Paul said, “Well, that’s death done! Now, when was the last time you masturbated, Rae?” Everyone laughed and then Rae told him, we all told him. That’s how it was with Paul.  Rae and I even told him things we hadn’t told each other and then we never spoke of them again.

After that night we didn’t go around to Paul and Sue’s house again.  Rae and I split up about two years ago after she had an affair at work.  She said she never meant to hurt me, had never stopped loving me.  I said “What kind of love is that, like love for your brother or something?” She was really sorry though, wanted us to start again.  Her counsellor told her that some marriages get stronger after an affair and she held onto that almost desperately.  So did I for a while but, it’s strange, no matter how I tried, I just couldn’t get over it.  I found out that you can’t intellectualise love or trust, they just cannot be willed.  It’s there or it’s not and when it’s gone, it’s gone. Once you give it away, even the tiniest bit, what’s left is just not enough.

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By the way

Without any warning, the dentist in my little town got religious indigestion; overnight he shed his tatty cloak of atheism for the snug jacket of God. The speed of the dentist’s transformation was second only to his new found zeal for the conversion of our town’s somewhat generous supply of lost souls. It was not that he had a particularly compelling theology; he did not display a style of argument that subtly blended passion and reason into an irresistible confirmation of the existence of God; nor was it that the dentist was remotely articulate. He lacked even that capacity of that persistent kind of bore to wear away the steely armour of our adolescent disbelief into at least an appearance of acquiescence.  Yet, for all this, our dentist was effective in ways that no preacher had ever been.  Lowering us back into his chair, he would murmur, “Open wide.” Then, as almost an afterthought, he would add, like John the Baptist with a drill, “Oh, by the way, have you been saved?”

Eventually they took our dentist away.  He had started bursting into the pub and spoiling our fathers’ nights with loud admonishments on their evil ways, something they could abide in the church or the bedroom but not the bar.  It was a shame though; everyone agreed that once you said you were saved, that dentist had the touch of an angel.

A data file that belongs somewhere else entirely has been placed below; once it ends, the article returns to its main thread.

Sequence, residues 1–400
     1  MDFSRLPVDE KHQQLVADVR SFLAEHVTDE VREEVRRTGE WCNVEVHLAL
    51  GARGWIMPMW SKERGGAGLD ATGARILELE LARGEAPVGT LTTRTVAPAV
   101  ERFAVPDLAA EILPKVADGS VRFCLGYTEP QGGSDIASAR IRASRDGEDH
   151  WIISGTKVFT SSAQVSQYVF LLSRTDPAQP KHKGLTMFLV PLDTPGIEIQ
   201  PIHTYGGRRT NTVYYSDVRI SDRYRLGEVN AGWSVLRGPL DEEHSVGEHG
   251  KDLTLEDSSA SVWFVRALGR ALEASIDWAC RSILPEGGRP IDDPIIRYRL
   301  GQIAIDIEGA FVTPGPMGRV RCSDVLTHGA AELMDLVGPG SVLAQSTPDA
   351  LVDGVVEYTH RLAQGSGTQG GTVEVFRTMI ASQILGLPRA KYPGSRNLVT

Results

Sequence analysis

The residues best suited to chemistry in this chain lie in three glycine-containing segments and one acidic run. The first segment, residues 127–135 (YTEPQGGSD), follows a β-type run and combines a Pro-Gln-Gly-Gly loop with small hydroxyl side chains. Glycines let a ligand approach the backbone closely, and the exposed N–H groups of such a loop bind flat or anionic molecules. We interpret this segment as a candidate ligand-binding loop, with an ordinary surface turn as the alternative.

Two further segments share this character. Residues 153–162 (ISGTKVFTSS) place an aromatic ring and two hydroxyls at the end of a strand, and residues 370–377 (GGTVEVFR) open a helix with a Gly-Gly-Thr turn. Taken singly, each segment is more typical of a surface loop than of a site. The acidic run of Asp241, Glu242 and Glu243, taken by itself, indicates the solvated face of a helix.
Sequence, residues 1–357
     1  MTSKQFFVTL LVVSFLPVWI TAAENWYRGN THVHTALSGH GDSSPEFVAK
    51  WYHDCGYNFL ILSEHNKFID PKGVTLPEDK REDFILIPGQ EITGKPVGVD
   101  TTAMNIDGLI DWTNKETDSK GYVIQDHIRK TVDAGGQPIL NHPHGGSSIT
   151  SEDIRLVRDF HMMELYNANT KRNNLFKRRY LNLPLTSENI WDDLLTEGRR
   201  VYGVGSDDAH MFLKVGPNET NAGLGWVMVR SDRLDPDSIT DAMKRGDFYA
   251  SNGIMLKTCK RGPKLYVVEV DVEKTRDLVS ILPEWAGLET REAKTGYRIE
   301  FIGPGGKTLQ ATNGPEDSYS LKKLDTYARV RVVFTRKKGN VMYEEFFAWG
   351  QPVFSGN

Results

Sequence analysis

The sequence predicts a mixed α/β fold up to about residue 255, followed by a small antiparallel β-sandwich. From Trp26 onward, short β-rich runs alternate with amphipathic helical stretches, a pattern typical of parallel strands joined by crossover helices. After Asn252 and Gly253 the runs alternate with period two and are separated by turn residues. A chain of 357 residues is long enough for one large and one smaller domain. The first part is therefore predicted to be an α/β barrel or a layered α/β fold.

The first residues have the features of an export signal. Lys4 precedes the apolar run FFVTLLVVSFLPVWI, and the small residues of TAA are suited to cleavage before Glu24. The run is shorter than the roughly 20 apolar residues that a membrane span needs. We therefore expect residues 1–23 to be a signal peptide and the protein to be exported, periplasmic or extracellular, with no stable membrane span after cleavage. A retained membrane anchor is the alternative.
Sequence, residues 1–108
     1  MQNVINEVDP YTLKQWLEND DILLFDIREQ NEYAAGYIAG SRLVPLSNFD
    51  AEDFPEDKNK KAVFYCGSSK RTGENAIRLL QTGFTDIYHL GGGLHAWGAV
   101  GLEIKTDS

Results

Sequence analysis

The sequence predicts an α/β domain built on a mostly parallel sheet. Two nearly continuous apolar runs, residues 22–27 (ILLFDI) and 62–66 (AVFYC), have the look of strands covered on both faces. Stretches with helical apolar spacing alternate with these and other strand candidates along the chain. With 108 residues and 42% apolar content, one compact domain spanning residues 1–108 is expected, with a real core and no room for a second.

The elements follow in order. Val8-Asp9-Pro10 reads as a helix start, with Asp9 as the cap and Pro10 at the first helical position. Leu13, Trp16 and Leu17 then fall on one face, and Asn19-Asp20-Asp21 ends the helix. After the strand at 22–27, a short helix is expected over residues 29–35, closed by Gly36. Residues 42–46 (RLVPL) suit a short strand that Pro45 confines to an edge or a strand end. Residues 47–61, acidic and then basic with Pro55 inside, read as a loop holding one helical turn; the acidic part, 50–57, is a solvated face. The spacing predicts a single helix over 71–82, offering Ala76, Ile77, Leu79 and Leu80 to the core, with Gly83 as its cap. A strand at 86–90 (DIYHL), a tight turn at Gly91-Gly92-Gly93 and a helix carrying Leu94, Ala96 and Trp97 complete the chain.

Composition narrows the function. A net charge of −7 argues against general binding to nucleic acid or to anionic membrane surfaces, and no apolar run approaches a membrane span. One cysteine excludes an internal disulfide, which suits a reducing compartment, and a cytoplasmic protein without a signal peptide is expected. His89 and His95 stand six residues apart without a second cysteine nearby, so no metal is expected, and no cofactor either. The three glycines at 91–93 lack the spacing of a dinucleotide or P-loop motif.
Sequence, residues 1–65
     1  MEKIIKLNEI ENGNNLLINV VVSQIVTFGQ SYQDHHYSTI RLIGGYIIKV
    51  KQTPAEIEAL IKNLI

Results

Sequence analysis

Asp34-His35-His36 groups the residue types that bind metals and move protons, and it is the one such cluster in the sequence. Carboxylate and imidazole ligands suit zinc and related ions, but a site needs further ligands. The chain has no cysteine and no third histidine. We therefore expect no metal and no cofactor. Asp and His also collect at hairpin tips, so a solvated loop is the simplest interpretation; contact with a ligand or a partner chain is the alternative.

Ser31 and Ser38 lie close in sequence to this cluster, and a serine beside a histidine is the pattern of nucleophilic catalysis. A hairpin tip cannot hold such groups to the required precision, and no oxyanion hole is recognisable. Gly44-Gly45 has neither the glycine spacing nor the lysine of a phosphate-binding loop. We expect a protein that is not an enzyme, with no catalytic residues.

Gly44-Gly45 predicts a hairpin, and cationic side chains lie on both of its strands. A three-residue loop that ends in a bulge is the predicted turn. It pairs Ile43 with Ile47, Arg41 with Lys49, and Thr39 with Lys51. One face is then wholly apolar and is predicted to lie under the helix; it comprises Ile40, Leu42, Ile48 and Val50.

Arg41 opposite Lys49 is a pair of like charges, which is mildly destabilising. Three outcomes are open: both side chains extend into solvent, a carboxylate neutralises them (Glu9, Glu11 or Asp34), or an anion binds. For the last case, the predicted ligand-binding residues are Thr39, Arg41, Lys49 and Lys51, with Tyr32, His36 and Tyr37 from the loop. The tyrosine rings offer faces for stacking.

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Tide

After John died, I started to take the books from the shelves of his study and pack them into boxes.  I didn’t know him that well but it made me sad somehow to touch the things he’d left behind, to start the process of emptying the world of another life.  It got me thinking about all the books I’d read in my own time and then I wondered what the point of all that reading was.  The more I thought about all those novels and poems and biographies, the less I could remember about them.  Only bits of plot, a character here and there and, every now and again, a line of particular beauty. That’s not much for all those milliions of words, I thought. So many thousands of dollars and hours invested in books and now the words mostly gone, the scenes long faded and only a faint impression of the pleasure of it all remaining. That’s a bit like life, I guess; so many minutes and hours and days of precious existence, the detail mostly forgotten and in the end only the sense of it all lingering. That’s all that’s left, before memory itself ceases,just the suggestion of a life, left behind like the beautiful pools of a vanishing tide.

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Want

When I was still just a boy, I learned that to want is a weakness and to want too much is to give power to others.  Now I know that this is the history of the world but back then it was just another hot Saturday afternoon as I pushed my bike across the bed of a sandy creek and then rode up the dirt road towards Marinko’s house.  I passed the field where Marinko told us he had killed the kittens.  He had been about to dash their heads against a wall, as he’d done previously, when he decided instead to put the sightless, newborn cats in a hessian bag. Then he left the bag in the  middle of an empty tomato field to bake in the summer sun.  Each hour he would come back and make bets on which kitten would survive the longest. He was cruel, that boy, the cruellest boy in our town.